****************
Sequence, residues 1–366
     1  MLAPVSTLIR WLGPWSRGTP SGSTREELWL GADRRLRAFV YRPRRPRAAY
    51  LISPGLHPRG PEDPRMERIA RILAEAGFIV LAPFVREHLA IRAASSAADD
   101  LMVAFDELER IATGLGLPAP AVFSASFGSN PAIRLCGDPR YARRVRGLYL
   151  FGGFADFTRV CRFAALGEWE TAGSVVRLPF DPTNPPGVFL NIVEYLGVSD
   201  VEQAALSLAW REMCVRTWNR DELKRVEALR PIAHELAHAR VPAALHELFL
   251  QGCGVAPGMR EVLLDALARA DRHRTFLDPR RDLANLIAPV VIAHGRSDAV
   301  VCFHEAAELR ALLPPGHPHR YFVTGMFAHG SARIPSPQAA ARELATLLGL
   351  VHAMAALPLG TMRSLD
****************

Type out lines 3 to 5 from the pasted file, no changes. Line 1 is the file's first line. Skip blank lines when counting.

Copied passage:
    51  LISPGLHPRG PEDPRMERIA RILAEAGFIV LAPFVREHLA IRAASSAADD
   101  LMVAFDELER IATGLGLPAP AVFSASFGSN PAIRLCGDPR YARRVRGLYL
   151  FGGFADFTRV CRFAALGEWE TAGSVVRLPF DPTNPPGVFL NIVEYLGVSD